This week I’ll be bringing you all the news that’s fit to publish while Carmen’s in the woods with the rest of the intrepid Autostraddle team making each other cry tears of love and drawing pictures of bears pole dancing and just generally prepping for camp.
Hate Crimes Happen, Even in Greenwich Village
This week, Mark Carson was shot in the face after the shooter and the two men with him shouted anti-gay slurs at the victim and his friend. Carson, a 32-year-old gay black man, later died at the hospital. He is the 5th gay man to be attacked in New York in the past 3 weeks. A vigil in his remembrance and a rally against hate crimes were held a few days later.
The Care And Keeping of Queers
Andrea Gibson and Kelsey Gibb are launching their new site, Stay Here With Me, this week; a project to let LGBTQ kids know they’re not alone. It’s currently password-protected, but will be running soon!
Studies show that banning gay marriage is bad for your health. In the 13 states that approved constitutional amendments in 2004, there was a 37 percent increase in mood disorders, a 42 percent increase in alcoholism and a 248 percent increase in generalized anxiety disorders among LGB people.
This isn’t great news for the large number of queer people with kids who live in Salt Lake City. Or any of other families in states with LGBTQ-hostile laws. It turns out, many of these places tend to have the largest percentage of queer people with children.
Homos & Co. Around The World
In what Rachel accurately described as “something that sounds like a scene out of Amelie but is actually real life,” a French waitress stood on a table and came out to her restaurant.
This week, Brazil became the 15th country (and the 3rd in South America) to legalize gay marriage.
We’ve still got a long way to go in most of the world, though. As a small step in the right direction, the UN put out a PSA about the dangers of homophobia.
The IRS Scandal and You
So it turns out that before the IRS screened Tea Party and Patriot-centered groups, they used to routinely discriminate against LGBT organizations. In one case from 1996, the IRS refused tax exemption status to a a LGBT youth group because the IRS screener said that the group could be seen as “tending to encourage or facilitate homosexual practice and propensities by the young and impressionable.”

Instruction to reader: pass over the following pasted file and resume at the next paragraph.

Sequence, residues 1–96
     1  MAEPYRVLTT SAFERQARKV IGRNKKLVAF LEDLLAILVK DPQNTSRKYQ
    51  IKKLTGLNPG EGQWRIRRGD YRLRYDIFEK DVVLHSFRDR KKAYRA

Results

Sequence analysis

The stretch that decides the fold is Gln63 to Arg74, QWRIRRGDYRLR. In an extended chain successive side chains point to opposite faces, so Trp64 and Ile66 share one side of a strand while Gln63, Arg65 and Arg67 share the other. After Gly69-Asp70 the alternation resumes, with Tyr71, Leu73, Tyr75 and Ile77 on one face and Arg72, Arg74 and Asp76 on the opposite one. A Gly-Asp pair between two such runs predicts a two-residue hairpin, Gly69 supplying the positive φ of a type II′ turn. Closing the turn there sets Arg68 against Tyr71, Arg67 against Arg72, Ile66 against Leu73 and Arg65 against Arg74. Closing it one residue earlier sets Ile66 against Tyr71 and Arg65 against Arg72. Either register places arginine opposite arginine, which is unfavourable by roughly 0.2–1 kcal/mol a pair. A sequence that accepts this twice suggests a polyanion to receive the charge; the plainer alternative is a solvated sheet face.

And thought NOM wasn’t one of the organizations found to have been targeted by the IRS recently, they’re trying to get their piece of the pie by suing the IRS for leaking documents that show that Mitt Romney donated $10,000 to the group. Sounds like someone’s hurting for cash.
This Week In “Conservatives Successfully Conserve Stupidity”
Let’s get this over with fast. First off, people are pissed that AARP likes us. The a judge in Texas ordered a lesbian couple to either live apart or give up their children. And Marco Rubio, everyone’s favorite anti-LGBTQ gang of 8 member, was interrupted during a speech on Saturday by activists who shouted, “Include our families in immigration reform!” Go activists!
Annie Mok and Anna Bongiovanni are teaming up to put on a show called “Body Talk.” Annie will be reading “recent comics from Frank Santoro’s online magazine ‘Comics Workbook’ and elsewhere, that center around the body, memory, sexuality, and trans identity” and Anna will reading some of her work that focuses on “body, rape, and uncomfortable feelings.” If you’re be in or near Minneapolis at 7pm tonight, head to Boneshaker Books to check out their work!
“Bronx-born, Puerto Rican photographer Elle Pérez explores queer identity in rural Tennessee.” What more could you want? I mean really? How about a peek at Radical Transgenderism?
“I arrived at the queer “Faerie” sanctuaries of rural Tennessee two and a half years ago in the midst of an intense gender identity crisis. I was in awe of the residents, as wild and free as the land they inhabited. Barriers between inside and outside space were trespassed in both directions; spectacles usually reserved for early morning hours at queer bars echoed throughout the hollow. It was here that I met Tripp—the first transgender person I knew who rejected the idea that to be transgender was also to be transsexual by default—an encounter that marked a seismic shift in my life and art practice.”